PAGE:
(A) Left panel: scheme of the pair of J-PET detection modules. Such pair constitutes a simplest detection unit capable of registration both collinearly propagating quanta resulting from electron—positron annihilation. Times of light signals arrivals to photomultipliers are denoted as: —to left upper photomultiplier, —to right upper photomultiplier, —to left lower photomultiplier, —to right lower photomultiplier. Red dot indicates a place of annihilation, Δz denotes the distance between the point of interaction in scintillator and the center of the strip, ΔLOR denotes the position of annihilation along the line-of-response between two strips with respect to the centre of LOR. Both Δz and ΔLOR are determined based on the measured times , , , . (B) Right panel: schematic visualization of an example of a single detection layer of the J-PET detector. Each scintillator strip is aligned axially and read out at two ends by photomultipliers.

https://doi.org/10.1371/journal.pone.0186728.g001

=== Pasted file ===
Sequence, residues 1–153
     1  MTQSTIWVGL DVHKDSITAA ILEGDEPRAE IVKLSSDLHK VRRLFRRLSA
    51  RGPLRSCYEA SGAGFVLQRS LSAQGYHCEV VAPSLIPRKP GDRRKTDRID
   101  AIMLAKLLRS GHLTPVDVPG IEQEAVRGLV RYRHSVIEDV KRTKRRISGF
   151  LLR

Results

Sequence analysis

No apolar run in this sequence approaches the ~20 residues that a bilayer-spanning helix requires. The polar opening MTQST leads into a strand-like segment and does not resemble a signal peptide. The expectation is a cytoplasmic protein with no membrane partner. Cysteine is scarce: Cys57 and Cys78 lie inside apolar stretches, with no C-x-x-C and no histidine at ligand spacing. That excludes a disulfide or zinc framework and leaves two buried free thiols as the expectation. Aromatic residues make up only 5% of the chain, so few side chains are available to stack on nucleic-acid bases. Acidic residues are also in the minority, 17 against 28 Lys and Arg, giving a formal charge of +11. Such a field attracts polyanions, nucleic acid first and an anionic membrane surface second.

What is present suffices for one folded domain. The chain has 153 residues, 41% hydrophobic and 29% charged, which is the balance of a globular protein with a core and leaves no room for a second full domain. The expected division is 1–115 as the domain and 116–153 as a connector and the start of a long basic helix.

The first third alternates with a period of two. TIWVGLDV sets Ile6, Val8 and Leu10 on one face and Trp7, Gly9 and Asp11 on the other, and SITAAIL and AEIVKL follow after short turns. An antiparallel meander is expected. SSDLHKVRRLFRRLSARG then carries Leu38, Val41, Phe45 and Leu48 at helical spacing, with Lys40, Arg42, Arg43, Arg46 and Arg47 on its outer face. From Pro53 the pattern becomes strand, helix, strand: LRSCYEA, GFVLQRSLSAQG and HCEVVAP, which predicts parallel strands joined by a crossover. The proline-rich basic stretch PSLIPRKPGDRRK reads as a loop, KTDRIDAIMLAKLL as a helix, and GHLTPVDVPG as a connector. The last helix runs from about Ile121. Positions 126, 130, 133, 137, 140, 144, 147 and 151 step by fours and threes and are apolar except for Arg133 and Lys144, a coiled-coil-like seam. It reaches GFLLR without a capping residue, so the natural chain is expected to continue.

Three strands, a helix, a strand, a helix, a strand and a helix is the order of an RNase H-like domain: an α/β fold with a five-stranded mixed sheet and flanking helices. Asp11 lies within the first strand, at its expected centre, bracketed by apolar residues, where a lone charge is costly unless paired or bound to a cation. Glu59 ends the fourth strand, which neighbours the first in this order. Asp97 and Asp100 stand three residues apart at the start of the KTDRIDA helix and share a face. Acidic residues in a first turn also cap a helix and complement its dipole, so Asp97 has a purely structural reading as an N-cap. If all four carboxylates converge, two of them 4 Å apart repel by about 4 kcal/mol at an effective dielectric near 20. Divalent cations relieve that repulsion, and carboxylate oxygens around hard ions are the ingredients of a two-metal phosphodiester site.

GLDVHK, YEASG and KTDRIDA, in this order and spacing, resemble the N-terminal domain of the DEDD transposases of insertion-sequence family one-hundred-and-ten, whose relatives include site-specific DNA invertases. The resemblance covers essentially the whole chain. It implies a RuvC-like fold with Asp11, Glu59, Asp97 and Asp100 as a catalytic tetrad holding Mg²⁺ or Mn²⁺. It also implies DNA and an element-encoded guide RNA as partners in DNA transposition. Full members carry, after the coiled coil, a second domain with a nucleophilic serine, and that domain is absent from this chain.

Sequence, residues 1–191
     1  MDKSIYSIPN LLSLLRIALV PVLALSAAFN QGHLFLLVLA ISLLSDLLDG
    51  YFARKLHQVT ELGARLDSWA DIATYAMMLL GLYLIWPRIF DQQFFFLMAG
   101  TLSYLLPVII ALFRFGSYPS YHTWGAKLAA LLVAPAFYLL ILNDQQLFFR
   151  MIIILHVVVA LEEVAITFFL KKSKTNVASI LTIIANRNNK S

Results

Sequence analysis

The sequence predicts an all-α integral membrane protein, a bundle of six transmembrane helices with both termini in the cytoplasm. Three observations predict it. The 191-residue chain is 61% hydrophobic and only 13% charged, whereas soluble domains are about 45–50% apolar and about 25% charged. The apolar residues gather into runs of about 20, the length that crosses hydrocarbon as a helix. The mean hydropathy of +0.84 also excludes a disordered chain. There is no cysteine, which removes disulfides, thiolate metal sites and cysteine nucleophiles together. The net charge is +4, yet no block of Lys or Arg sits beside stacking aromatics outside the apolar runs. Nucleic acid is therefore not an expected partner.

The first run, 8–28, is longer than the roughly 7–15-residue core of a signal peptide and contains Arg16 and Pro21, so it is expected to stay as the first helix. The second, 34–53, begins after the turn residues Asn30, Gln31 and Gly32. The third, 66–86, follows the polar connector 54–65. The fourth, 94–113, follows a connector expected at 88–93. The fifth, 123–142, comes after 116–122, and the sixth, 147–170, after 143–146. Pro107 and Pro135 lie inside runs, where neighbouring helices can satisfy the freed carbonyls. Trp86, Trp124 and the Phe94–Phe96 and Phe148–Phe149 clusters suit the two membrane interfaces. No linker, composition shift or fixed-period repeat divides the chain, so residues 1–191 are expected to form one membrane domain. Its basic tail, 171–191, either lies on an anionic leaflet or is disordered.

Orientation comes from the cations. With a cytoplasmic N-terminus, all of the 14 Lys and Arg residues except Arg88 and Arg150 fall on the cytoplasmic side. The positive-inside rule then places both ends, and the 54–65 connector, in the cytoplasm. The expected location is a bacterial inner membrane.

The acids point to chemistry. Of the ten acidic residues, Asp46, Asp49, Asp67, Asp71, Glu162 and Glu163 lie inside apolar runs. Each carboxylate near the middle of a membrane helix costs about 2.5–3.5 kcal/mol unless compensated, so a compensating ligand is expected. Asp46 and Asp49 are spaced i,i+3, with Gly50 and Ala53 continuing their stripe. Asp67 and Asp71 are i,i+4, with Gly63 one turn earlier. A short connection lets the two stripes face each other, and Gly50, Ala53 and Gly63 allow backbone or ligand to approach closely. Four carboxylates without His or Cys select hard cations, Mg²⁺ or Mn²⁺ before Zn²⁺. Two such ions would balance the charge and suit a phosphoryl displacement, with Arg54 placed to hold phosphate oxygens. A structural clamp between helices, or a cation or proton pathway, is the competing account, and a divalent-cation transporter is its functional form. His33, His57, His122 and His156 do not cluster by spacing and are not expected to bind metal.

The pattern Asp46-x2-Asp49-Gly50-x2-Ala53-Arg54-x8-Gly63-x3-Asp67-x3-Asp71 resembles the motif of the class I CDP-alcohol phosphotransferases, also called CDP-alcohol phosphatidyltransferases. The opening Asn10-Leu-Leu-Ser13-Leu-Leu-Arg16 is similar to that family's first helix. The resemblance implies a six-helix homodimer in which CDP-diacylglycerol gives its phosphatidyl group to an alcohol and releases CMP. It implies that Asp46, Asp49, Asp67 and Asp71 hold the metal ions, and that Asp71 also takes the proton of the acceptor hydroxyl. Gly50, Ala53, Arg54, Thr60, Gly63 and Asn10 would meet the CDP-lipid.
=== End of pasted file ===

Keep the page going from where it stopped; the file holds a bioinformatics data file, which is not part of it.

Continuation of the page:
It permits also to combine PET and Magnetic Resonance Imaging (MRI) in a unique way [18, 19], complementary to presently applied PET/MRI solutions [20, 21] such that both metabolic and morphological images can be registered at the same place and at the same time. This is possible by inserting a non-magnetic plastic PET barrel inside a MRI tomograph. Such solution requires however usage of long strips of scintillators and silicon photomultipliers (SiPM) whose operation is not disturbed by the magnetic field. Application of the matrix readout of SiPM instead of vacuum tube photomultipliers would be also an advantage in terms of improvement of the time and spatial resolution. In the reference [4] it was shown that recording timestamps of several photons, at two ends of the scintillator strip, by means of SiPMs matrix may improve time and spatial resolution by more than factor of 1.5. The time resolution decreases however with the increase of the length of the scintillator strip due to the light attenuation. Bulk light attenuation length of plastic scintillators e.g. BC-420 (Saint Gobain) is claimed by the producer to be about 100 cm [22], however in practice the effective attenuation of light signals in strips with finite cross section is much lower. This is due to the fact that photons on a way from the emission point to the end of the scintillators undergoes many internal reflections and their optical length is much longer than the length measured along the scintillator. For example, for strips of BC-420 scintillator with cross section of 19 mm x 5 mm the attenuation length amounts to about 37 cm only [23].